New Research Documents Domestic Cattle Genetics In Modern Bison Herds

Story by Aubrey Bloom, CVMBS Communications

An american bison in the black hills of South Dakota

A new study published in Scientific Reports has revealed the strongest evidence to date that all bison in North America carry multiple small, but clearly identifiable, regions of DNA that originated from domestic cattle.

In the study, Texas A&M College of Veterinary Medicine & Biomedical Sciences (CVMBS) researchers, led by Drs. James Derr and Brian Davis, compared genome sequences among the major historical lineages of bison to 1,842 domestic cattle, establishing that all analyzed bison genomes contained evidence of cattle introgression.

This shared genetic ancestry is the result of multiple hybridization events between North American bison and cattle over the last 200 years, which followed the well-documented bison population crash of the 1800s.

 “This comparative study clearly documents that the people responsible for saving the bison from extinction in the late 1800s are also responsible for introducing cattle genetics into this species,” Derr said.

This study updates findings from a series of studies published 20 years ago, in which Derr’s team revealed that only a few bison herds existed that appeared to be free of domestic cattle introgression. Now, with better genetic technology, these researchers have shown that even those herds are not free from hybridization.

“Today, it appears that all major public, private, tribal, and non-governmental organization bison herds have low levels of cattle genomic introgression,” said Sam Stroupe, a Ph.D. student in Derr’s lab and first author of the study. “This includes Yellowstone National Park, as well as Elk Island National Park in Canada, which were thought to be free of cattle introgression based on previous genetic studies.”

Derr said that these new findings will once again have ramifications for bison conservation efforts and long-term conservation planning since certain herds will no longer need to be managed in isolation.  “For example, these findings really open up a number of opportunities for the establishment of new bison conservation herds and the augmentation of existing herds.”

Back From The Brink

The history of bison includes one of the best-documented population crashes of any wildlife species and one of the most spectacular population recoveries in all of conservation biology due almost exclusively to the efforts of private herd ownership.

Prior to 1800, biologists estimated that more than 30 million bison roamed the central plains of Northern Mexico, the United States, and Canada. A combination of indiscriminate killing, loss of access to suitable habitats, and imported livestock diseases plunged bison numbers to a low of just a few hundred by the late 1870s. 

This kind of population crash is known as a bottleneck, and every modern bison—of which there are now more than 430,000 according to the National Park Service—is descended from that small number of survivors.

Most surviving bison were under the control of only five different cattle ranchers who appear to have been motivated by the writings of fellow bison ranchers Charles Goodnight of Texas, and Charles Jones of Kansas. Both professional cattle breeders extensively documented and promoted crossbreeding between bison and domestic cattle in an attempt to develop a better beef-producing animal.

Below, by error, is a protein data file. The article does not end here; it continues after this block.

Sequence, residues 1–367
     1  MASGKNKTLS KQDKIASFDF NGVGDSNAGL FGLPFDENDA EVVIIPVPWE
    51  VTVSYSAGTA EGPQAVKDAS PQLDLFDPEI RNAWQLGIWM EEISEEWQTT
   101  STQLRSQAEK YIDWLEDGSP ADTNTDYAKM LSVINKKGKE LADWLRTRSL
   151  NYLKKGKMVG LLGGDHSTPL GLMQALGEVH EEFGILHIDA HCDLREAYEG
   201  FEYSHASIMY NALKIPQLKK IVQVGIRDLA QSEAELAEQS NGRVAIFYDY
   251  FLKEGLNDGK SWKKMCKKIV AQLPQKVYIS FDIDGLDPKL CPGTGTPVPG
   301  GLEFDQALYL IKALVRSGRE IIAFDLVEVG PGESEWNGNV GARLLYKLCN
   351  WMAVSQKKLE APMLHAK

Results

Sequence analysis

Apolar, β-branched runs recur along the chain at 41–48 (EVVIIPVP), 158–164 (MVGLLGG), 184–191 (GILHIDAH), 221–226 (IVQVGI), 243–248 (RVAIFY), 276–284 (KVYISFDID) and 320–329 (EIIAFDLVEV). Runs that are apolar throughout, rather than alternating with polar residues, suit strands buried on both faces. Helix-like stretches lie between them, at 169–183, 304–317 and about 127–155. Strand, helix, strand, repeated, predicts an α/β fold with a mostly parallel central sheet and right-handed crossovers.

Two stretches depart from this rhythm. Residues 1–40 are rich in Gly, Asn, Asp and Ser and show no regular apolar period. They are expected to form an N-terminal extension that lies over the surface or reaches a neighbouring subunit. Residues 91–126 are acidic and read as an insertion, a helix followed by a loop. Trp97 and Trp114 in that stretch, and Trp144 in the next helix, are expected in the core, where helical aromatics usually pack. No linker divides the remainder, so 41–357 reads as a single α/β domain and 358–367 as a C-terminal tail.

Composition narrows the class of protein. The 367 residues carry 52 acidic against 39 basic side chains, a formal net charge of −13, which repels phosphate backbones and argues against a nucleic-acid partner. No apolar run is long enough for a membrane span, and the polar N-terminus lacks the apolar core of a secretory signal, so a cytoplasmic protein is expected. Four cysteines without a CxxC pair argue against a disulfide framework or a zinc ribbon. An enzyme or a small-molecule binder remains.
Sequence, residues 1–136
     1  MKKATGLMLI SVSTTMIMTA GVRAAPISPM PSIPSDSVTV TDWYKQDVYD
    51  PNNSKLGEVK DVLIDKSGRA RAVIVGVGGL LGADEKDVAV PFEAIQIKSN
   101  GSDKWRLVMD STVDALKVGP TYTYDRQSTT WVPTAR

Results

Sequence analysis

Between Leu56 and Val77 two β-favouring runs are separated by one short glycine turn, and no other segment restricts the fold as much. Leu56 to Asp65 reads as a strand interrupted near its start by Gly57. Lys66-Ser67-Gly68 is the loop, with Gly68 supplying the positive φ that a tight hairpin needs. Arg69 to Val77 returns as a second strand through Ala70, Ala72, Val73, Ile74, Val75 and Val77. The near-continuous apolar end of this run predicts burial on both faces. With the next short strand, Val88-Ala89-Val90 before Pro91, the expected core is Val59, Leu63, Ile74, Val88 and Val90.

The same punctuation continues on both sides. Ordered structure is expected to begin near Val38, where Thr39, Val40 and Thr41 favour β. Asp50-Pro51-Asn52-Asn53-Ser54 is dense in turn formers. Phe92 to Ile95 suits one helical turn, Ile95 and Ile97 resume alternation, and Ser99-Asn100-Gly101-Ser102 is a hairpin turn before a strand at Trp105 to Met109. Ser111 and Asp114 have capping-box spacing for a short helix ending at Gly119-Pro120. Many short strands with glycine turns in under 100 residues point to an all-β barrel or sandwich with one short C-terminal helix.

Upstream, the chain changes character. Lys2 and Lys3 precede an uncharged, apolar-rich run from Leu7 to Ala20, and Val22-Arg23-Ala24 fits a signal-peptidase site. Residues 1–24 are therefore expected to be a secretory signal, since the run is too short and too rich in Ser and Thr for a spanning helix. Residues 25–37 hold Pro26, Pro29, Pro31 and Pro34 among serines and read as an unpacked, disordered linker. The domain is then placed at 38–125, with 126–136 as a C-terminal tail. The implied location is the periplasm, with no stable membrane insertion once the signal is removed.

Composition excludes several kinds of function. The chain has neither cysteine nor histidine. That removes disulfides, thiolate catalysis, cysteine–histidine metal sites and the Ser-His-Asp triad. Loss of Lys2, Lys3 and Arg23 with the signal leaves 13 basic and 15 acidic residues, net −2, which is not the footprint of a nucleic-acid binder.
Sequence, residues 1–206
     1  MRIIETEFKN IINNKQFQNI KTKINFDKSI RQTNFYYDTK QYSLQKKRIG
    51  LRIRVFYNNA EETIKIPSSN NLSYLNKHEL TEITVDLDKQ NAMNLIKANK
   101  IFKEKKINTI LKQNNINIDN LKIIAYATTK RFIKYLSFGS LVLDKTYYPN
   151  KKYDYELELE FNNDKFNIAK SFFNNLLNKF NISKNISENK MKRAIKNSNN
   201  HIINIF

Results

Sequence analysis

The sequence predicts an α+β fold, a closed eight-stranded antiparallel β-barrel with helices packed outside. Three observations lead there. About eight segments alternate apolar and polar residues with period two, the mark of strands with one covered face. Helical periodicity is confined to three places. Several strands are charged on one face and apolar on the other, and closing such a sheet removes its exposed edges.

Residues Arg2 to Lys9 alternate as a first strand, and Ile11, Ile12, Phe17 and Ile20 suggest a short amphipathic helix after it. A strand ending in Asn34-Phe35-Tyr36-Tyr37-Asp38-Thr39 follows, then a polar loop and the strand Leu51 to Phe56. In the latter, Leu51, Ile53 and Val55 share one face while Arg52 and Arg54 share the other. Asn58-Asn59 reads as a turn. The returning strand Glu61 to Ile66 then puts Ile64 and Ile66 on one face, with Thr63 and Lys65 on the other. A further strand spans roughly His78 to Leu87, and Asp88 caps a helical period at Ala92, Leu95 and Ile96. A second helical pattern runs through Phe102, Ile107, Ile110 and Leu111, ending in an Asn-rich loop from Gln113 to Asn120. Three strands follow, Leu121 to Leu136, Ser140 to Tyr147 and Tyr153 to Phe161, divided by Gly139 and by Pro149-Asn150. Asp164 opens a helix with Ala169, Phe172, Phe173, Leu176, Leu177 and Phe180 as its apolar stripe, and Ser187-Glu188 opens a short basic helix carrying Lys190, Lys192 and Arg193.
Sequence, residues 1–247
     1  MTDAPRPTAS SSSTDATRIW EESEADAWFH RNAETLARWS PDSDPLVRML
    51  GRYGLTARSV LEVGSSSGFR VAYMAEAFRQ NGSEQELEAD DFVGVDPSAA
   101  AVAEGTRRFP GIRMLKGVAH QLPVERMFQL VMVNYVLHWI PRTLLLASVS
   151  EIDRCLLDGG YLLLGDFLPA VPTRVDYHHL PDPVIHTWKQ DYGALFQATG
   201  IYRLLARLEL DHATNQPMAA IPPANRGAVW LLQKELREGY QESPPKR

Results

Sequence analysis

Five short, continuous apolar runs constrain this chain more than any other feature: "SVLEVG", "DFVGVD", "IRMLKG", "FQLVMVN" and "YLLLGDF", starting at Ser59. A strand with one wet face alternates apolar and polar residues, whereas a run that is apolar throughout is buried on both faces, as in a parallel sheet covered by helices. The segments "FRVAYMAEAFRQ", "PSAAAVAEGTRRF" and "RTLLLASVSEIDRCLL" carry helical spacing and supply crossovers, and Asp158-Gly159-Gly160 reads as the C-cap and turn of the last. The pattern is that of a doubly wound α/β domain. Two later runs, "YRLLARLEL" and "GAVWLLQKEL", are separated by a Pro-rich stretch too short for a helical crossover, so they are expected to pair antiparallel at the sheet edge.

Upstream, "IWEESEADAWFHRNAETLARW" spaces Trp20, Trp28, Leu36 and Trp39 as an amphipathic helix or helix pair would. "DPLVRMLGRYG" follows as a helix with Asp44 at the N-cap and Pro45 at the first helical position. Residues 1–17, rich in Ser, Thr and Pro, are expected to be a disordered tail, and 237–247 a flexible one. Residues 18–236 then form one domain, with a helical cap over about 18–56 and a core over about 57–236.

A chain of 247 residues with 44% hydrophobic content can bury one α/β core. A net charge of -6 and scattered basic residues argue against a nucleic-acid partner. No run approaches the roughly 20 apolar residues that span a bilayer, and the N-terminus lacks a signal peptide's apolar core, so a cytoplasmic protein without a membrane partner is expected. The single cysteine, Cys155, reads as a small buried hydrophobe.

“The American bison were proven successful on this continent, surviving glaciation and multiple other climatic events over thousands of years.” Derr said. “By crossing bison and cattle, those intrepid cattlemen hypothesized they could get a beef animal that is as resilient as bison but that produces as much quality meat as beef cattle. In the end, they failed due to inadvertent creation of a lackluster beef animal.”

a herd of Bison in Yellowstone National Park

As one of the world’s most iconic animals, bison play a number of important, and sometimes conflicting, roles in society.


In the early 1900s, at about the same time that these ranchers were crossbreeding, biologist and early wildlife conservationist William Hornaday, the first director of the New York Zoological Park, began sounding the alarm that North American bison were being driven to extinction. Through Hornaday’s efforts with the American Bison Society in 1905, a national movement was directed at establishing new bison conservation populations and preserving existing bison populations found in Yellowstone and Wood Buffalo National Parks.

However, the only bison available to establish these new conservation herds were almost exclusively animals from the cattlemen responsible for the species salvation.

“As a result, these well-intentioned hybridization efforts leave a complicated genetic legacy,” Davis said. “Without these private herds, it is possible bison would have become extinct. At the same time, this intentional introduction of interspecies DNA resulted in remnant cattle footprints in the genomes of the entire contemporary species.”

“We now have the computational and molecular tools to compare bison genomic sequences to thousands of cattle and conclusively determine the level and distribution of domestic cattle genetics in bison that represent each of these historical bison lineages,” he said.  “It is clear that some of the animals that were available to help save this species from extinction in the late 1800s were the products of these earlier hybridization experiments, and we are now left with the legacy of low levels of cattle genomic introgression across all modern bison populations.”